Connect with Mike - AARP’s resident fitness and innovation enthusiast
Hello Rewards Warriors!
My name is Mike Lee. After a health scare in 2014 I got moving and armed with a fitness tracker began walking, then running. Four years later I’m 75 pounds lighter and feeling better than ever, now I want to help others get motivated by sharing my personalfitness tracker tips!
Did any of you receive a shiny new fitness tracker over the holidays? Don’t know where to start or need some fitness motivation? Take a minute to read the latest New Year’s Resolution feature on the AARP Rewards Connect Page.
Need help getting started? Post your fitness tracker questions here or feel free to share your own tips that could help others.I found connecting with others is a major motivating force when it came to reaching my personal goals.
The Apple Watch feeds into the Apple Health app, which is what the AARP NOW app connects to.
In the current version of the AARP NOW app on your iPhone, go to the "ACCOUNT" tab in the bottom navigation to opt-in to AARP Rewards. After opting in, select "Sync a fitness tracker." From here, you can sync Apple's Health app by selecting it and giving permission to sync your health data.
Your Apple Watch should already be linked to your Apple Health app. If not, here is Apple's help document on that topic:
Manage Health data on your iPhone, iPod touch, or Apple Watch
A few years ago, I lost 70lbs through tracking food and exercise. RealAppeal provided by Aarp /UHC MedicareCompleteAdvantage supplied an app, online counseling, fitness dvds and an assortment of equipment. RealAppeal helped me change my life.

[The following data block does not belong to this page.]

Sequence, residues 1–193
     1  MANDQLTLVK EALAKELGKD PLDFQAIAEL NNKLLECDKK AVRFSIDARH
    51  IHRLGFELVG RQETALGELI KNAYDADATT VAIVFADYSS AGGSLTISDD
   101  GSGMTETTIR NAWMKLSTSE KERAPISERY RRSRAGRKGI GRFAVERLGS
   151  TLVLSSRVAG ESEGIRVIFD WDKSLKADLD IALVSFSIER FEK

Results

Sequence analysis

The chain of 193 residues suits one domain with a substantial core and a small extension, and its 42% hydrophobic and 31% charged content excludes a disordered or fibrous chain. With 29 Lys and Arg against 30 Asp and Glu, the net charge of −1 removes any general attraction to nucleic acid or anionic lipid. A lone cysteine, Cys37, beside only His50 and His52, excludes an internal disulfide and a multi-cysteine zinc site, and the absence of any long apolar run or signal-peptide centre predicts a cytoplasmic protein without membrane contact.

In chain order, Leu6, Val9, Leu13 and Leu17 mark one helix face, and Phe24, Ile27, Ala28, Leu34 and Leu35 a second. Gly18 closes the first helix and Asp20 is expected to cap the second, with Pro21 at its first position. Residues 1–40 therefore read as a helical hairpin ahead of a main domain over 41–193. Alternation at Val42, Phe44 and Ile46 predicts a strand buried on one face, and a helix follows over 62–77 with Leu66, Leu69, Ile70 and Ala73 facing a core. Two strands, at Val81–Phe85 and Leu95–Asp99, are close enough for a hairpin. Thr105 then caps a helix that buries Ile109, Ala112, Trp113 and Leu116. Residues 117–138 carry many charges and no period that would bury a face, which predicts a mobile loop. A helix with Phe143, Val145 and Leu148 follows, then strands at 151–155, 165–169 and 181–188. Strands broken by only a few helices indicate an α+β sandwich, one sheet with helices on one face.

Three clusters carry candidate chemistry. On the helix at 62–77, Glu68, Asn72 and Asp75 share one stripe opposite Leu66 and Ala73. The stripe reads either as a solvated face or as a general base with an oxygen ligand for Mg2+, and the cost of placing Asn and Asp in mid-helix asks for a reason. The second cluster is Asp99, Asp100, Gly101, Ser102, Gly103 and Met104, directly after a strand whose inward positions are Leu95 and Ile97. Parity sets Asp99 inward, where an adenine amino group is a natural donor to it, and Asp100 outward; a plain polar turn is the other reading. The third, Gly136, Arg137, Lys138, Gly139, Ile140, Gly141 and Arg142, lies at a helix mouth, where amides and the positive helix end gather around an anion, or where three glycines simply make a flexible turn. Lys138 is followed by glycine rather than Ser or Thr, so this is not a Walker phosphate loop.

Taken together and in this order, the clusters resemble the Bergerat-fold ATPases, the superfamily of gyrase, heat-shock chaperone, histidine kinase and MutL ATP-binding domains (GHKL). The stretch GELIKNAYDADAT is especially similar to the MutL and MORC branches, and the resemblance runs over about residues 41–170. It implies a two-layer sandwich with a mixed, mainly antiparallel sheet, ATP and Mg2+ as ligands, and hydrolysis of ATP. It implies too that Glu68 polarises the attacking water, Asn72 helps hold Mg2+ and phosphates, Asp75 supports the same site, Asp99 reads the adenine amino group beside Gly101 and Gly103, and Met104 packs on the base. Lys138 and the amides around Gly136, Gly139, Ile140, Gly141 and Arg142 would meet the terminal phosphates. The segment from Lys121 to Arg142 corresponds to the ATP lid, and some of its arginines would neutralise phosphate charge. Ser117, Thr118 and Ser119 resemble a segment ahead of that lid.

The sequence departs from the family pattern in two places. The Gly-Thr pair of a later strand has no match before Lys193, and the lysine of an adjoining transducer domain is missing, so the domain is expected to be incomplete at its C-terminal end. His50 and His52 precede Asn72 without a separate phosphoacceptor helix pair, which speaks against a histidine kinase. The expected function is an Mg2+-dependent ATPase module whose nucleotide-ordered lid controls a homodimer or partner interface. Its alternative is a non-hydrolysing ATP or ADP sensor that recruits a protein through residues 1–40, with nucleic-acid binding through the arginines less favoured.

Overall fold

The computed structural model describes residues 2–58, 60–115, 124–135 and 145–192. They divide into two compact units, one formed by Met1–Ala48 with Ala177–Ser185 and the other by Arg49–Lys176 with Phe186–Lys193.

Now I use the fitbit and gym membership provided by them.
Congratulations on maintaining your step goals and dropping those pounds! I found that once I could do 10K steps, if I had the time on a given day, I would challenge myself to doing another 1-2K since I was already out there.
Especially when I was training for long distance races, I was doing hip bridges and roll-downs as our Kathy Smith demonstrates here:
Well, when I started running four years ago, I got shin splints too that lasted for 2-3 weeks at a time! After some trial and error--and pain--also some advice from my local running club, I learned things like retiring my shoes before the soles got too mushy and worn down, simple stretches to do before walking or running, proper hydration, etc. Another reason people get shin splints is from weaker upper leg and torso muscles as those structures play an important role in lifting up your legs. The shins get stressed and painful when they have to bear more of the load. I hated doing basic core exercises like planking, laybacks and forward lunges for years, but those simple things are what have prevented injuries for me.
I just got my first fitness tracker--an Apple Watch 5--last week and am really enjoying it. I'm still exploring everything I can do with it, but one thing I've been wondering about:
What is the difference between active calories and total calories? Not sure if this is just the Apple Watch that makes this distinction, or if other fitness trackers track both. Which measurement should I be focusing on for weight loss?
Congrats on the new Apple Watch! My wife (AW v5) and daughter (AW v4) love their Apple Watches. I'm currently using a Garmin GPS watch for running and a Fitbit 24/7 for steps and sleep. Both of those don't easily display active vs. total calories like your Apple Watch.